A venous thromboembolism, or VTE, occurs when a blood clot forms in the veins. Blood clots can develop in the leg veins (called a deep vein thrombosis), dislodge and travel to the lungs (called a pulmonary embolism). VTE can be fatal and can occasionally travel to the brain. Patients who are immobile, such as hospitalized patients, are especially at high risk. Preventive therapies, such as blood thinners and compression stockings, can reduce the chance of VTE from developing.
The graphs below show Lexington Medical Center’s performance in following best practices (evidence-based processes of care) and achieving the best results to prevent and treat blood clots in patients. The charts also show how often patients had blood clots that were preventable.
A column with N/A indicates one of the following: we did not have enough eligible patients to report on that measure; CMS held the data for one or more quarters; results were unavailable for the reporting period; no cases met the criteria for the measure; or results could not be calculated for the reporting period.
The reports on our site include information from Hospital Compare as well as our most current data averaged over the past year.
Patients with venous thromboembolism (VTE), or blood clots in their veins, usually receive blood thinner medicines at hospital discharge. It is important for patients to have information about these medicines before leaving the hospital so they can care for themselves at home. This information should educate patients about side effects, recommended diet, instructions on how and when to take the medicine, and signs of possible drug reactions. This chart shows the percent of blood clot patients discharged on blood thinners who received written instructions about their medications before leaving the hospital. Higher percentages are better. A column with N/A indicates that we did not have enough eligible patients to report on this measure.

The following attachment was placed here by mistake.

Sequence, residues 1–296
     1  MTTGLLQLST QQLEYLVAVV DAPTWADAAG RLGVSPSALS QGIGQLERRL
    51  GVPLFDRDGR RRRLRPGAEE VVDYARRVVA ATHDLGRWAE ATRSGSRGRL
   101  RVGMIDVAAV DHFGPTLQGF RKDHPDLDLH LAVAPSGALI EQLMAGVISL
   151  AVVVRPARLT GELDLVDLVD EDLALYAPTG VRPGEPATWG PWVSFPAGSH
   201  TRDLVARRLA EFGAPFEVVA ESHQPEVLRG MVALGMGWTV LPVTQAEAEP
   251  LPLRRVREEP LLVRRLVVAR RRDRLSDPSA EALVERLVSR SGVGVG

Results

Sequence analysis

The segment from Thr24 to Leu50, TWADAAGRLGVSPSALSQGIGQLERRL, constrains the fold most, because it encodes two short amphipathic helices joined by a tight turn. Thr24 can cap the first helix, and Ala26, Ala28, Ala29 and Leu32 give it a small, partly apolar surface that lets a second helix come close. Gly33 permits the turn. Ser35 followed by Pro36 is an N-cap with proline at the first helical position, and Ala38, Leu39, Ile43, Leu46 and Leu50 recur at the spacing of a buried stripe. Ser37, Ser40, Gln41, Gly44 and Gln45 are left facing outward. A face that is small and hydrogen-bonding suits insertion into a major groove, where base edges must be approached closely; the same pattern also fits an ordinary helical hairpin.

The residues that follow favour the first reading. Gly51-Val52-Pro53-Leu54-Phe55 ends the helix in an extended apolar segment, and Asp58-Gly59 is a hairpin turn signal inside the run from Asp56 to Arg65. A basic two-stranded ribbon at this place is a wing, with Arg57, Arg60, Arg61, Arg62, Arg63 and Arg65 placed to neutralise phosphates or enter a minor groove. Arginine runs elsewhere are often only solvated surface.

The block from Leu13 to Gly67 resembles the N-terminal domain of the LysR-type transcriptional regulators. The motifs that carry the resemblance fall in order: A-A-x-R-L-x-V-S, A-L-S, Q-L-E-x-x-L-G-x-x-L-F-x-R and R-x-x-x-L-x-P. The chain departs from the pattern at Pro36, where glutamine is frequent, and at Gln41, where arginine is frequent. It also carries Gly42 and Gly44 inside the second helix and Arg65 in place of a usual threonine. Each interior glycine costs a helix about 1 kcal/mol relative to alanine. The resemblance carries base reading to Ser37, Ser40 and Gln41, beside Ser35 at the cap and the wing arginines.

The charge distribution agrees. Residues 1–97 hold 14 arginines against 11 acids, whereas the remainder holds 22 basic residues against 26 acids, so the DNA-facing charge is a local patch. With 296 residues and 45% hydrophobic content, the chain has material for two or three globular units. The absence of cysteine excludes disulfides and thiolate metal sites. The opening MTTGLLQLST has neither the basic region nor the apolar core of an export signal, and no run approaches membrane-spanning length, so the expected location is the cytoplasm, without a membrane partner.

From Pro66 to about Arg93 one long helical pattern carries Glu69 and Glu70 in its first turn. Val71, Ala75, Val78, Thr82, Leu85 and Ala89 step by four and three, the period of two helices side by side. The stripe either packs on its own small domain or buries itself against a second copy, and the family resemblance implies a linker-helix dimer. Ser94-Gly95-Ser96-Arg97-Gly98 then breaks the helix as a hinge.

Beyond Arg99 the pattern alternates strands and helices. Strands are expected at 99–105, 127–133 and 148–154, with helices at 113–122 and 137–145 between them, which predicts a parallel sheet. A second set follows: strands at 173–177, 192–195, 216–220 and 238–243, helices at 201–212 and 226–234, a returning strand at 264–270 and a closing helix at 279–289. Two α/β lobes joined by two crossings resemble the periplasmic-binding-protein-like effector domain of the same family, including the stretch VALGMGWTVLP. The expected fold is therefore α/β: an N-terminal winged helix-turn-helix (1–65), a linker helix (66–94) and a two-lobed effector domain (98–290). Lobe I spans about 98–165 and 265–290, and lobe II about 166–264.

Hospital patients have an increased risk of developing venous thromboembolism (VTE), or blood clots in their veins, because they are often in bed for long periods of time. Blood clots can be dangerous, breaking loose and traveling to other parts of the body, like the lungs or brain. Hospitals can help prevent blood clots by assessing at-risk patients and giving preventive treatments like compression stockings, blood thinners and other medicines. This chart shows the percent of patients who developed a blood clot while in the hospital and did not get treatment that could have prevented it. Lower percentages are better. A column with N/A indicates that we did not have enough eligible patients to report on this measure.
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